But Washington is itself home to an active jazz scene, and the Festival has a way of heightening that energy (or at least turning a bit of the spotlight on it) through its Jazz in the 'Hoods branding. That means many of the great musicians who happen to live in the area will perform for a wider audience in coming days — and the festival provides a good excuse to spotlight musicians deserving of wider attention.
Here are five such D.C.-area jazz artists — musicians who happen to be playing DC Jazz Festival events this year. It's certainly not a comprehensive breakdown — apologies to Lenny Robinson, Marshall Keys, Brad Linde, Elijah Jamal Balbed, Christie Dashiell and many others — but it ought to be a good introduction to artists who keep the nation's capital buzzing with activity well after early June.
Five DC Jazz Festival Artists Actually From Washington, D.C.
The saxophonist Brian Settles has a band called Central Union — a reference to his grandfather's Baptist church in Northeast Washington. Indeed, he grew up in D.C., did his graduate studies at Howard University and plays many a satisfying hard-bop gig throughout the area. But Central Union the band mostly met in Brooklyn, where most of its members lived in the same house, and features Settles' fully liberated, exploratory side. "Zui Quan" is from Central Union's (and Settles') 2011 debut recording, Secret Handshake — here, he builds a progressively freakier solo of penetrating timbre over a simple groove. The band plays June 2 as part of a free all-day show at The Phillips Collection, a modern art museum.
Musicians usually move to New York City in search of opportunities a smaller jazz scene can't provide. Not so with reedman Fred Foss. Seeking a change of pace, he moved to the District from his New York hometown at age 30, after making several tour visits with the Lionel Hampton Orchestra. When he hasn't been on the road with musicians like Abdullah Ibrahim or Hugh Masekela, he's been a hard-swinging presence on the D.C. scene, especially as a youth music educator — he's still "Mr. Foss" to D.C.-bred rising stars like bassist Ben Williams. At D.C. Jazz Fest, he'll play at a senior center on June 8 as part of a series of concerts east of the Anacostia River, home to a huge portion of D.C.'s black community. (With him will be other area stalwarts like bassist James King and drummer Nasar Abadey.) For a taste, here's the title track from The Journey (1995), his first and only album; he was already in his mid-forties when it was recorded.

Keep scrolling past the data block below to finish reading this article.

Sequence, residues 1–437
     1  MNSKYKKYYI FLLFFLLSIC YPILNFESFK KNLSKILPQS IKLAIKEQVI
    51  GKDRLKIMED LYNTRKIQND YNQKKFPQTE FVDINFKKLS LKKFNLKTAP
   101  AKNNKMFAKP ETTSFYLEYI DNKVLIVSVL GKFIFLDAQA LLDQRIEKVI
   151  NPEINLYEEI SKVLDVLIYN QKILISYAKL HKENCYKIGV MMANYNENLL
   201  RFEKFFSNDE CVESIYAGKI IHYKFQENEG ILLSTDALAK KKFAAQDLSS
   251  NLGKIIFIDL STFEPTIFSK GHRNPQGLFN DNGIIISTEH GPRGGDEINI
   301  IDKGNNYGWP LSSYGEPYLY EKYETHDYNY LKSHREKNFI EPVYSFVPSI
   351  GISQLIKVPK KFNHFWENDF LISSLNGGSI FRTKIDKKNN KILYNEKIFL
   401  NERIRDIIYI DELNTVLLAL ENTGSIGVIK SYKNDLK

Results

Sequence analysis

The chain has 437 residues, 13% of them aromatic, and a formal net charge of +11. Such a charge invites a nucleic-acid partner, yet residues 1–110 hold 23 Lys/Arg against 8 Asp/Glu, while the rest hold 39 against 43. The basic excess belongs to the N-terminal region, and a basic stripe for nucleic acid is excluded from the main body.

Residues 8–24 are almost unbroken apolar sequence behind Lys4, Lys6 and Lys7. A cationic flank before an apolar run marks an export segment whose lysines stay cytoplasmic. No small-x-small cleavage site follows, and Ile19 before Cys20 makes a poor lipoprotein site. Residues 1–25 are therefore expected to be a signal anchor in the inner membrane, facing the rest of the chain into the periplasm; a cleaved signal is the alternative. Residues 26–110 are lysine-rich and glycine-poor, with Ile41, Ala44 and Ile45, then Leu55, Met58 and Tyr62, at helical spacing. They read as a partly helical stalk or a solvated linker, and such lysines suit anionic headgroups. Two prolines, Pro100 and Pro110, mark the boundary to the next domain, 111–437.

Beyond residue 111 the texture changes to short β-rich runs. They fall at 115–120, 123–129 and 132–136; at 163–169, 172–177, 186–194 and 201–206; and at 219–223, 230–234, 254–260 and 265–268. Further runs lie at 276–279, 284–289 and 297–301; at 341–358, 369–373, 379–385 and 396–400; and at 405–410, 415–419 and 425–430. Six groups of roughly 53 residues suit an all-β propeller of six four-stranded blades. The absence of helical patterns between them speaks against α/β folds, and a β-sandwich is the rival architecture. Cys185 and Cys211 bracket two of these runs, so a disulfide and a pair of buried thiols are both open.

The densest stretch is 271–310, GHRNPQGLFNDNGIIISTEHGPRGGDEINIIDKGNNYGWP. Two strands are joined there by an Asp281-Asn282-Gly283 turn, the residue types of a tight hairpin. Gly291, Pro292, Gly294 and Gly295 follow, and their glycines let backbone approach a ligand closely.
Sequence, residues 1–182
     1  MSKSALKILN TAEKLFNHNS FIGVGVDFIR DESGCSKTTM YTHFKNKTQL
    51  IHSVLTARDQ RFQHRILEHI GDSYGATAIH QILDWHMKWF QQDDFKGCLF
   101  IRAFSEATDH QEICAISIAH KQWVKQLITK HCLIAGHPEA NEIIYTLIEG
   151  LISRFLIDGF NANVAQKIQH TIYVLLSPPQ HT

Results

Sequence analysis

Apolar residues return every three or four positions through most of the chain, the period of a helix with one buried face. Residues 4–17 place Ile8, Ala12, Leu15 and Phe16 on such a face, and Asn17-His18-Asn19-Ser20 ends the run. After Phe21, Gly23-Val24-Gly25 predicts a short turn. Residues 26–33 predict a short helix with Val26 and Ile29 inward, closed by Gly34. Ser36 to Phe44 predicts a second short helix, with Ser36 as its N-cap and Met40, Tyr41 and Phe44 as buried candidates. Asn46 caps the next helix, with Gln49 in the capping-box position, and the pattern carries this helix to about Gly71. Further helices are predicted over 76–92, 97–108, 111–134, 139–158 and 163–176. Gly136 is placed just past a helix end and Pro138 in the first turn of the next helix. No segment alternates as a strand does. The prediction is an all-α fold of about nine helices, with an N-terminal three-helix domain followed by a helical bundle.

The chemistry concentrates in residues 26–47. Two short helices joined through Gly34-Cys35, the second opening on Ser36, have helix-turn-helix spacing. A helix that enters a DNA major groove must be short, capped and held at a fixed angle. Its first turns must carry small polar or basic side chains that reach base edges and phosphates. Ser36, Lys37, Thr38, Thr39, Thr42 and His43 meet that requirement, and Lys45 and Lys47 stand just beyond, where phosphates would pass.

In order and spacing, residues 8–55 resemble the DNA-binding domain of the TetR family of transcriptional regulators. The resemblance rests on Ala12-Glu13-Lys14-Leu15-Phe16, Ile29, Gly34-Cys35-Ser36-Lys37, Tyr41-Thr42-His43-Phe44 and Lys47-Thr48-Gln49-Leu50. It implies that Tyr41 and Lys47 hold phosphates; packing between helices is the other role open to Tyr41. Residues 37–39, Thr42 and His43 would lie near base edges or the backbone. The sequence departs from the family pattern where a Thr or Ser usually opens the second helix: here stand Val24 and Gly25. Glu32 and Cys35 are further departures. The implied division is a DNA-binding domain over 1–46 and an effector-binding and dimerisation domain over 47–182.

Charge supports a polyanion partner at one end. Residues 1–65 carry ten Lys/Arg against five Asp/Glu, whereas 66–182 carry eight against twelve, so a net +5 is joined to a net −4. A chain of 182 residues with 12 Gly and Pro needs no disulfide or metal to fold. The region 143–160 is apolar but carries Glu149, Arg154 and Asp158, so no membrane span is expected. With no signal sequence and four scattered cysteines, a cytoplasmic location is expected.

Though active in the D.C. area for more than a decade, Reginald Cyntje (sin-tchee) was born on the island of Dominica and grew up in the U.S. Virgin Islands. That bred a deep-seated knowledge of Caribbean music and culture which has settled into his jazz trombone playing, and certainly into his 2011 album Freedom's Children: The Celebration. The album is lightly programmatic, its tracks corresponding to various stages of life, and is filled with positive vibrations. It also features Baltimore vibraphonist Warren Wolf and steel pan master/fellow U.S.V.I. native Victor Provost, especially on this post-bop recasting of the Virgin Islands traditional "Queen Mary." The Reginald Cyntje Group plays as part of the East River Jazzfest on June 2, in a double bill with Sine Qua Non, the new band of standout bassist Michael Bowie.
The pianist Dwayne Adell doesn't read music. He's self-taught; he doesn't gig a whole lot; he has no recordings or even any YouTube clips documenting his playing. But musicians and casual fans alike are almost universally blown away when they do hear his thorough mastery. His is the kind of virtuosity that garners comparisons to Erroll Garner and Art Tatum, Bud Powell and Oscar Peterson. He can learn difficult classical repertoire by ear; indeed, he has even arranged parts of Handel's Messiah for gospel choir with jazz ensemble and dancers (see embedded video). That talent is why the premier jazz club in town, Bohemian Caverns, has invited the local legend for a June 7 trio gig during the DC Jazz Festival.
In considering jazz in the nation's capital city, it's wise to remember that D.C. constitutes part of a mid-Atlantic metropolis with Baltimore, less than an hour up the Parkway. The composer and bass clarinetist Todd Marcus is based in Charm City, where he regularly plays with musicians from the entire region. Many musicians, in fact; among his bands is a mid-size jazz orchestra, which will appear at Capitalbop's D.C. Jazz Loft Series on the festival's opening night. "Ma'aelsalama" — "Goodbye, God bless" in Arabic — is his acknowlegement of his father's Egyptian heritage, which appears on the 2005 recording In Pursuit Of The 9th Man. Marcus has continually updated the group's repertoire since that document, and is also preparing to release a new quartet album this year. Another D.C. connection: His albums are produced by Hipnotic Records, a small but mighty District-based label.